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About jchapura

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    2005 Carrera S

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  1. Excessive crankcase vacuum is definitely a symptom of the AOS having failed. A couple of years ago, I made a homebrew manometer and captured the "inches of water" value. After the AOS failed, but I hadn't yet fully confirmed it was the AOS, I hooked up the manometer, and lickety-split, every inch of that water got sucked into the crankcase. I should have guessed that would happen but I stood there dumbfounded for a second then shut 'er down. Drained the oil. Replaced the AOS. Warmed up the car. Drained the oil again. A $120 for the extra oil change. Ugh.
  2. I'm not sure this will help... When I had the original side markers, I never had an issue with sporadic "check" messages. For a couple years I've had LED replacements and about once a quarter I get a check message (on the right side) after hitting a rough patch of road. It has always resolved itself (I never had to fiddle with the fixture).
  3. I'm surprised that the failed AOS caused the low pressure warning. I hadn't read that low oil pressure was a consequence and I've had a failure while driving and I had normal oil pressure for the balance of the short journey home.
  4. I think the oil "spread" is too wide for the photos to help us. I think you need to clean off the area (even with a degreaser like brake cleaner aerosol) and then begin your vigil to watch for the first signs of the smallest amounts of dripping or seepage, etc.
  5. They are not electrically controlled shocks. No wire. With the Ohlins, one can buy a black box that simulates the PASM part of the shock rather than having it coded out. It's just to fake-out the computer.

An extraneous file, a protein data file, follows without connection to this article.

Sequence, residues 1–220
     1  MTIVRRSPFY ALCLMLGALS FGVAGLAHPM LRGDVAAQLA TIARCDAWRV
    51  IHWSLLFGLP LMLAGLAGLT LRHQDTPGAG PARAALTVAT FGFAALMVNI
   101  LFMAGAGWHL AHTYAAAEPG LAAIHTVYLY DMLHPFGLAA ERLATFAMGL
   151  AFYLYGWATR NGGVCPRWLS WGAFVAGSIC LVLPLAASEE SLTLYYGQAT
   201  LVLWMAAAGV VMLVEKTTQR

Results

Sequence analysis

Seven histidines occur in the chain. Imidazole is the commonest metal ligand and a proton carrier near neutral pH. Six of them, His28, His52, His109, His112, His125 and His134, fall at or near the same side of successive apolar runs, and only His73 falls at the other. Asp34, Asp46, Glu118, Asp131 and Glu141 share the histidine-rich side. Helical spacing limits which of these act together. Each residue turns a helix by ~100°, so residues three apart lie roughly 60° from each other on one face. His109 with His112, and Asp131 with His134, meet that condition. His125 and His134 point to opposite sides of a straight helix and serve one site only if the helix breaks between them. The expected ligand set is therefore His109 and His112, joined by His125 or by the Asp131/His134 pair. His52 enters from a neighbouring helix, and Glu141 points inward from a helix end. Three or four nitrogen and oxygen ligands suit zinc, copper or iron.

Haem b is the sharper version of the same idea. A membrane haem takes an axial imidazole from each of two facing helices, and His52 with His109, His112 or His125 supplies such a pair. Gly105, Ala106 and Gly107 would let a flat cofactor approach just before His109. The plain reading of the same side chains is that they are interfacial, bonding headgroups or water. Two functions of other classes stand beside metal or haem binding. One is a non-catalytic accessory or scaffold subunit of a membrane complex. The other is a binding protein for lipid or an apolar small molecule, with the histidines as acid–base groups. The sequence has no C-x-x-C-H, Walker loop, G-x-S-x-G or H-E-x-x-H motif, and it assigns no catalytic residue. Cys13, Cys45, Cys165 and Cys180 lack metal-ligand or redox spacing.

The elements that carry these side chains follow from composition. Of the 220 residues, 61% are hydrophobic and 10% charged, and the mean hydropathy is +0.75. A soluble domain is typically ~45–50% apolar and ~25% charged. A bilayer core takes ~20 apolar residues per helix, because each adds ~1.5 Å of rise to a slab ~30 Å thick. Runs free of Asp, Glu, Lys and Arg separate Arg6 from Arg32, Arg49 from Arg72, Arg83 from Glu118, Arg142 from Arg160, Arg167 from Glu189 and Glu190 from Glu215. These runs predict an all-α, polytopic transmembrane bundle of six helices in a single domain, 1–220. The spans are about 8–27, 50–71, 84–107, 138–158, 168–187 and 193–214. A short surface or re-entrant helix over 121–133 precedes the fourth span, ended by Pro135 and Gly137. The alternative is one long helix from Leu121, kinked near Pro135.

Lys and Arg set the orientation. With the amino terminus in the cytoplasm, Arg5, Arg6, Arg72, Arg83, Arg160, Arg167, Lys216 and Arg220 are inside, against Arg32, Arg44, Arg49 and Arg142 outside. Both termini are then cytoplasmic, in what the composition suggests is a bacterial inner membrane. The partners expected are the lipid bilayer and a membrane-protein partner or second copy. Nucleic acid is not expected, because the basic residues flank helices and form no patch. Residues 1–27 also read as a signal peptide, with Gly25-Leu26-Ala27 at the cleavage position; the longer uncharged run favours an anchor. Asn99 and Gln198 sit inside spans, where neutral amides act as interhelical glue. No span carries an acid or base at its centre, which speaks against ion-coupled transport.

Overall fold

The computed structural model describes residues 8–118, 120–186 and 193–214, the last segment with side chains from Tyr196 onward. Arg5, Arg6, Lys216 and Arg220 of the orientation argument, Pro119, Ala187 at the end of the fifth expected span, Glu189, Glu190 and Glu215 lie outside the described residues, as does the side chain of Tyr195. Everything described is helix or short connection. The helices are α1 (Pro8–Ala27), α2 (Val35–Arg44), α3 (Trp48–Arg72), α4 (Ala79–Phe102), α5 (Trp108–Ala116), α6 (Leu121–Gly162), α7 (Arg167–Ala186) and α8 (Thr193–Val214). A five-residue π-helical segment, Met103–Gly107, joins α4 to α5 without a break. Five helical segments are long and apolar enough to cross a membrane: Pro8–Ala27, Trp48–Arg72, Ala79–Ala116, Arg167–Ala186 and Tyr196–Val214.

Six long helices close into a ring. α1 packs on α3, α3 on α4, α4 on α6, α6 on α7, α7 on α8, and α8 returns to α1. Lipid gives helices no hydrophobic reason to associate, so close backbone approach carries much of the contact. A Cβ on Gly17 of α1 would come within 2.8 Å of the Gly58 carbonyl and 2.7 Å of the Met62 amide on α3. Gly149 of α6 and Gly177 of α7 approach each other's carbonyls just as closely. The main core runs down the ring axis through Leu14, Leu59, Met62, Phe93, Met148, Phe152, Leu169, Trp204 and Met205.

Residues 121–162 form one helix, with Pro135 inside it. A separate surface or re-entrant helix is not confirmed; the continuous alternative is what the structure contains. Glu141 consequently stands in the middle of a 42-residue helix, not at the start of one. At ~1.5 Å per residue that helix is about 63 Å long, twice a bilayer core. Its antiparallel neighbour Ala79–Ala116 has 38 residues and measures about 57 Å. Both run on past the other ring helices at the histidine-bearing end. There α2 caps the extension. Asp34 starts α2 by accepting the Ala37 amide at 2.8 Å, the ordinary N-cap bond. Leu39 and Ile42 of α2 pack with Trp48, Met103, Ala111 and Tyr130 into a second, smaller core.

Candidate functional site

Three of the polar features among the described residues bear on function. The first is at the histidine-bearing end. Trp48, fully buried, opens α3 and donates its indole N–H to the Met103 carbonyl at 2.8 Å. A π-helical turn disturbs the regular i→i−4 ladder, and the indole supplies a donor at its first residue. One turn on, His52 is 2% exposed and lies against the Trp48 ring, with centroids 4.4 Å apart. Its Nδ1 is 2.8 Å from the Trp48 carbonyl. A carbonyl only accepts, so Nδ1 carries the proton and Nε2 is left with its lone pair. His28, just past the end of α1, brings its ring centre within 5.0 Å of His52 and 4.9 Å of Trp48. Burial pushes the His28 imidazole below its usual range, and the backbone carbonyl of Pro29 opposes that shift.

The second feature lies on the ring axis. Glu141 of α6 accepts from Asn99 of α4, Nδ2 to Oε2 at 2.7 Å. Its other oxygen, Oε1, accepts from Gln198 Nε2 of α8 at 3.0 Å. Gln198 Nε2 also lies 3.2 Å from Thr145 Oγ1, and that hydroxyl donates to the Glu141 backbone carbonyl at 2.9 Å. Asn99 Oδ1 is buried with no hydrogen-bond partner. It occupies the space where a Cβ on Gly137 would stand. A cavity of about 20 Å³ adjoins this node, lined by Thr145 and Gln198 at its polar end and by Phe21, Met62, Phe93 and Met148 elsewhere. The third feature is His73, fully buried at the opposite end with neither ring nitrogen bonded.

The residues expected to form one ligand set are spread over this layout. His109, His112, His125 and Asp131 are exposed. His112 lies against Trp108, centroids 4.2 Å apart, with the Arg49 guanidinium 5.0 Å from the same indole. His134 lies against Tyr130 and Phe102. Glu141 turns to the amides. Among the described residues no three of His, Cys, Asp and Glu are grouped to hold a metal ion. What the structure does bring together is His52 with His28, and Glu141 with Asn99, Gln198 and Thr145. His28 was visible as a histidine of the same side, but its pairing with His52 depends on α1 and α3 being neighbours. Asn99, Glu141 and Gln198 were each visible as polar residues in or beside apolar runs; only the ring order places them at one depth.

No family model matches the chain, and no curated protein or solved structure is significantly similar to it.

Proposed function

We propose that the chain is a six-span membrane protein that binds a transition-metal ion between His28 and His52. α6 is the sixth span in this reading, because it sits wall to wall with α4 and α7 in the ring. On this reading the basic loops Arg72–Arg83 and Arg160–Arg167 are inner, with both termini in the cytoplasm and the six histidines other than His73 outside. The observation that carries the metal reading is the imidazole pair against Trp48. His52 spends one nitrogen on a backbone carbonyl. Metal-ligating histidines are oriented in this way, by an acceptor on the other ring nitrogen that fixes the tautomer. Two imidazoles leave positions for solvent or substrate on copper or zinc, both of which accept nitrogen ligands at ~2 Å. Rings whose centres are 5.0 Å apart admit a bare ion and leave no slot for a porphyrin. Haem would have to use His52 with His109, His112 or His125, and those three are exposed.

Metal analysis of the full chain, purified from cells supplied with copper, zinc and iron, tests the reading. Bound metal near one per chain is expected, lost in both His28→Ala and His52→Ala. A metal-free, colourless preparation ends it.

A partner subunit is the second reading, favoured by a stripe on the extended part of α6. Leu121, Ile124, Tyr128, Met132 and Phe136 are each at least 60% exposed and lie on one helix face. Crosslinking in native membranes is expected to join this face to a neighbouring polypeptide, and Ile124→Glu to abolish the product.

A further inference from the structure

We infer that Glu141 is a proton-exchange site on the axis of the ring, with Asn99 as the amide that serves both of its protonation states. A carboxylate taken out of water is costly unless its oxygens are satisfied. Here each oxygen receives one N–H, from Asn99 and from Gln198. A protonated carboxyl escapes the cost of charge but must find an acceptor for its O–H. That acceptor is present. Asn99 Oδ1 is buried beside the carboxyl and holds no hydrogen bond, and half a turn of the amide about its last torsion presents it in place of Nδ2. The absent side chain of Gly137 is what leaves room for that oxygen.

6. Howdy Koenbro, I have a 2005 C2S. I noticed some drive-ability problems when there was ponding on the road (and maybe some dry weather "bouncy-ness"). I took it to a well known independent and he put it up in the air. Tire wear wasn't bad because I took most of the camber out about a year earlier but he said it probably had excessive toe-in and that should be eliminated and the camber put back. (You'll never get the same wear life out of the rears compared to the fronts). But...the most important thing was the rear shocks - he said he could lift the wheel assembly a few inches and if the setup was new/not worn, he should not be able to (by hand). I swear I had tried the four corner "bounce" test and the body settled in what I thought was a normal amount of rebounds. I guess the hand bounce test just doesn't cut it. So, I thought about Bilsteins to retain the PASM. I'm going with Ohlins R&Ts (Mostly because there was an availability problem with almost all Bilsteins for my car). I'll "code out" the PASM. I'm in the middle of the retrofit. Shocks do wear out. Some say they're either good or bad. And they are only bad when they are leaking. Good or bad (binary) - has just not been my experience with any car I've owned (and my C2S's were not leaking). Even Ohlins recommends a rebuild after 20-30k miles on the top notch shocks. These things wear out. Especially things sliding past one another. Some say 50k miles is at the upper end of the useful life for a shock. I think you could probably adjust/stiffen your existing PASM shocks with the DSC Sport Controller module. That's another option to consider. John
  7. Do what JFP says and... I think that if the oil pressure gauge is showing any non-zero value when the engine is not spinning and electrical system energized, it makes the oil pressure sender suspect. It should read zero. The sender is easy to change and not too expensive; it's on the passenger side of the engine, on the top side above the head, and about half way back; it looks like a typical oil pressure sender. Pretty sure you'll want to do it when the engine is cold.
  8. If you are referring to the black area near/below the shoulder - it is a marking from during my disassembly process.
  9. I don't think there should be bolts in there. I happen to still have mine open for putting in coilovers. The aluminum plate is what the Bose subwoofer shelf sits on and there doesn't seem to be any bolts/studs coming from it (that would mate with the holes). As for the broken clip - I don't have that on my 2005 C2S as can be seen in my pic. It's been a few months since I took mine apart so I may need some help from you when I put it back together. ?
  10. Very weird. Never heard a story like this. What changed since it was last driven; what allowed them to not break the last time it was driven? Some sort of accelerated fatigue...